FINANCE minister Mthuli Ncube has said he does not expect any change to the United States policy on Zimbabwe despite the change of administration in that country when President-elect Joe Biden is inaugurated in less than two weeks’ time, but has pledged to continue the re-engagement process.
The then US senator and now President-elect Biden, together with Republican Senator Jesse Helms of North Carolina and Democrat Senator Hillary Clinton of New York, sponsored the Zimbabwe Democracy and Economic Recovery Act (Zidera) of 2001.
Zidera is an act passed by the United States Congress which imposed economic sanctions on Zimbabwe, allegedly to provide for a transition to democracy and to promote economic recovery.
Biden will be sworn in as the 46th president of the US on January 20.
President Emmerson Mnangagwa’s government has said Zidera is the reason why the country’s economy has imploded over the past two decades and has been pushing for the removal of the sanctions.
But the US says the country’s ailing economy is a result of mismanagement and corruption. The US has said the sanctions would remain in place until the government of Zimbabwe implemented tangible political and economic reforms.
“I think you will agree with me that countries such as the US and many other developed countries really work on the basis of their state institutions and that state institutions will not change much,” Ncube said in an interview with businessdigest recently.
“They will still have the same policies and our strategy for engagement therefore will remain focused on working with those state institutions,” Ncube said.
“Even if you may hear different words being used, the state institutions remain focused on whatever they desire to achieve or whatever message they want to send across, so we are not worried that suddenly, perhaps, we will be unable to engage.
“Certainly, we will be able to engage; we will continue to engage; we will continue to deepen that engagement to make sure that both countries, Zimbabwe and the United States, can move forward together, and achieve more together rather than try to achieve things apart. So our strategy on engagement will not change.”
Ncube said the country’ s debt was manageable with the major challenge being the servicing of that debt.
“We must always watch out for debt distress as a country. Our debt levels are about 78% of GDP and, by the way, that’s not very high by international standards, actually. Most countries now because of Covid-19 and the global financial crisis of 2008 are well over 100% (of their GDP in debt) so at 78% we know it’s high but is manageable. Our issue in Zimbabwe has been the capacity to service the debt rather than the level of debt,” Ncube said.
“We can grow our exports and earn enough revenues and foreign currency to service that debt. But look, with a target growth rate of 5% we will be able to service that debt if we overlay our debt restructuring plans. Really, our debt if you look at it, has mainly been around foreign currency debt as opposed to domestic debt.”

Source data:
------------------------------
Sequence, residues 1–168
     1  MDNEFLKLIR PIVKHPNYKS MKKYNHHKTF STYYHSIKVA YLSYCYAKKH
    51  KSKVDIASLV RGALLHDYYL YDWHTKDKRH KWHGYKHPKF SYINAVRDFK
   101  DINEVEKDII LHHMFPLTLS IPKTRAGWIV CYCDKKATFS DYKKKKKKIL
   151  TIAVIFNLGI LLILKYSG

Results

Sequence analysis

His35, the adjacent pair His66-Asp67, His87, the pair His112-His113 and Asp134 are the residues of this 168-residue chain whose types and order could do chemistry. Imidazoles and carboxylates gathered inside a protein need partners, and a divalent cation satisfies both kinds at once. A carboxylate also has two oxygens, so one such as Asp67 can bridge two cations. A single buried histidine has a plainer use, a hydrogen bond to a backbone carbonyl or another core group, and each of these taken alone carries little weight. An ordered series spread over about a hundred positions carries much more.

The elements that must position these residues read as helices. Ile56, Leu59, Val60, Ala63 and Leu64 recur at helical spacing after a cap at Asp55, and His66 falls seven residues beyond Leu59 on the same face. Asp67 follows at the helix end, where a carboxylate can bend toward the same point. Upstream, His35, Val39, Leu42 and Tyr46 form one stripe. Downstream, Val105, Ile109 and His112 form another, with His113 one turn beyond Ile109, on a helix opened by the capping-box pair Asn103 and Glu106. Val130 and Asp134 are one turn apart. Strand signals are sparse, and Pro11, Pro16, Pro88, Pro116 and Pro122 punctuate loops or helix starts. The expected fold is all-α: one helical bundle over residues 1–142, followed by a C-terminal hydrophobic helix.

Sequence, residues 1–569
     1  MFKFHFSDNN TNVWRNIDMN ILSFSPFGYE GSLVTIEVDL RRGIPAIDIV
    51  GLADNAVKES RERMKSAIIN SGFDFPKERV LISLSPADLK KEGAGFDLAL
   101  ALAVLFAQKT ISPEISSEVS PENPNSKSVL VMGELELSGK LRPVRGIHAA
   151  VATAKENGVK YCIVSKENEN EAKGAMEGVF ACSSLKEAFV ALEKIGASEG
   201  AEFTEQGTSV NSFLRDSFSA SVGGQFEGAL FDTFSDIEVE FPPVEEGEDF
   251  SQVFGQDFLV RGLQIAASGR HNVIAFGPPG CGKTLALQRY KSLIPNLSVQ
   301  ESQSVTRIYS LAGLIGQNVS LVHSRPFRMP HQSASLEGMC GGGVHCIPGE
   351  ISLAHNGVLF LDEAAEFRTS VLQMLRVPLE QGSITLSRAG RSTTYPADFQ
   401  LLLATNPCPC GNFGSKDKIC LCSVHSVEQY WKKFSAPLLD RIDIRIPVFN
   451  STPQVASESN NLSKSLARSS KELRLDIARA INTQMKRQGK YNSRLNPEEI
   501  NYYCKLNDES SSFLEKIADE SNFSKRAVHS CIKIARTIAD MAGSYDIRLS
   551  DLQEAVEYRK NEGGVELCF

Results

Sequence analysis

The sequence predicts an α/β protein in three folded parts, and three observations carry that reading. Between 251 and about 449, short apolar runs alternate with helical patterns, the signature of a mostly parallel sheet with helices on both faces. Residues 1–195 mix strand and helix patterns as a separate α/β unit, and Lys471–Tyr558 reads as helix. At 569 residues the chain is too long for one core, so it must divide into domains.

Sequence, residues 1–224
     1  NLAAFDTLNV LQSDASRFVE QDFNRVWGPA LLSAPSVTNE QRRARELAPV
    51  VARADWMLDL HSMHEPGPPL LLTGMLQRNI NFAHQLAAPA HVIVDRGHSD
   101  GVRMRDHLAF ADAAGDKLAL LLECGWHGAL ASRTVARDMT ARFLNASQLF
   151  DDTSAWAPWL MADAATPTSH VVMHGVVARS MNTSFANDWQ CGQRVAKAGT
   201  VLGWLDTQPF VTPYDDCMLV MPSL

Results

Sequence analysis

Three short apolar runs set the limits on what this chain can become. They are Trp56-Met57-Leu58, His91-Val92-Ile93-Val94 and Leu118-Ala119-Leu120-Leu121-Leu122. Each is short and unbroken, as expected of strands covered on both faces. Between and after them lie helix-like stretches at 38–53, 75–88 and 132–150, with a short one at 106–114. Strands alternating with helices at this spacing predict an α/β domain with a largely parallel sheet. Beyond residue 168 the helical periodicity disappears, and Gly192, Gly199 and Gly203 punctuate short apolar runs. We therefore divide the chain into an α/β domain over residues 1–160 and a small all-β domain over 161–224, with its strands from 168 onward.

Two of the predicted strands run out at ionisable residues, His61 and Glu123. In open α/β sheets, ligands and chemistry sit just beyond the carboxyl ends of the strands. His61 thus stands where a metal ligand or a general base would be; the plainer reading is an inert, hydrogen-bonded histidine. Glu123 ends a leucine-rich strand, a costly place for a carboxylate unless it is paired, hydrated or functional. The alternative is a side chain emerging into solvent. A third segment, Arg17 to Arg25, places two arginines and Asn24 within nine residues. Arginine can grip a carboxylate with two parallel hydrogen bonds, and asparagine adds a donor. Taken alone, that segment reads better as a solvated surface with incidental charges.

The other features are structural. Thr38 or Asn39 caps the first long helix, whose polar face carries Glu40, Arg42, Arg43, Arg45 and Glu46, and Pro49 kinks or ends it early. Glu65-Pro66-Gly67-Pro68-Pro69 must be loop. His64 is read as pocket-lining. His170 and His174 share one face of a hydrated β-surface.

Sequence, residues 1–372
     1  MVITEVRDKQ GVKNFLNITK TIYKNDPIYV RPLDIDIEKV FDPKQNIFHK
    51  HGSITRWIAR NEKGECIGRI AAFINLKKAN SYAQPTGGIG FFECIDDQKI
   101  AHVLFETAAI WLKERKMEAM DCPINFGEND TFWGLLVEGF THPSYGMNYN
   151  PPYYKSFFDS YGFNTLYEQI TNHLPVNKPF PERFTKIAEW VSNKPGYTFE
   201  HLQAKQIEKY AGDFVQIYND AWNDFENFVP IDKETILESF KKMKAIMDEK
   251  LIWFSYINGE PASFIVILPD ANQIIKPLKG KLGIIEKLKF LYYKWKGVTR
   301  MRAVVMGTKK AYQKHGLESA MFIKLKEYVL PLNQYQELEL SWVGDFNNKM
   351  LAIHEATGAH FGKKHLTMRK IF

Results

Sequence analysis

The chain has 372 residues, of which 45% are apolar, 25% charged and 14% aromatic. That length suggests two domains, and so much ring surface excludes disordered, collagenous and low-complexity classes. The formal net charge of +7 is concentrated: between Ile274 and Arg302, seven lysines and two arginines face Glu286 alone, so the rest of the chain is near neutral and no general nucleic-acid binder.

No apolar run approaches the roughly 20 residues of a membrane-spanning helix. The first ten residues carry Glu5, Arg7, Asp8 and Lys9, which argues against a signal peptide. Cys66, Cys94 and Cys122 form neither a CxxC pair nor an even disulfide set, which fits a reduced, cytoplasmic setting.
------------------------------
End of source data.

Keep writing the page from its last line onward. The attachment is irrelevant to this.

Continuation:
He said domestic debt was well managed and it was really foreign currency debt which has been of major concern which is why the government was focusing on growth, enhancing exports and restructuring the debt.
“In terms of arrears clearance, certainly we will make a lot of progress. What really slowed us down is Covid-19. It became the new issue to deal with,” Ncube said. “We had to worry as a government about feeding people, about keeping safe, about keeping people healthy, and less about settling our debts. But now that we are almost learning to live with Covid-19, we are hopeful about a vaccine soon and then our attention will shift more to arrears clearance.”
Ncube said the core of the financing strategy was through domestic resources and continuing to engage international financial institutions for external relief.
As a result of Zimbabwe not accessing fresh capital, the government has been unable to support its excessive expenditure resulting in increased debt for the country.
The excessive expenditure has been driven by mostly quasi-fiscal activities such as the Command Agriculture programme, policy inconsistencies and the wage bill.
By the end of 2018, the Parliament Public Budget Office estimated the public debt to have ballooned to US$20 billion before the government re-introduced the Zimbabwe dollar in 2019, wiping off over US$7 billion in domestic debt.
However, due to the central bank assuming the debt of local businesses who failed to pay their foreign suppliers owing to the Reserve Bank of Zimbabwe’s (RBZ) retention thresholds of export proceeds in 2019, the country’s external debt has significantly risen again.
According to the latest central bank statistics, between September 2019 and September 2020 foreign debt grew by US$1,65 billion.Officially Zimbabwe’s debt is US$7 billion, or over 200% of the country’s GDP.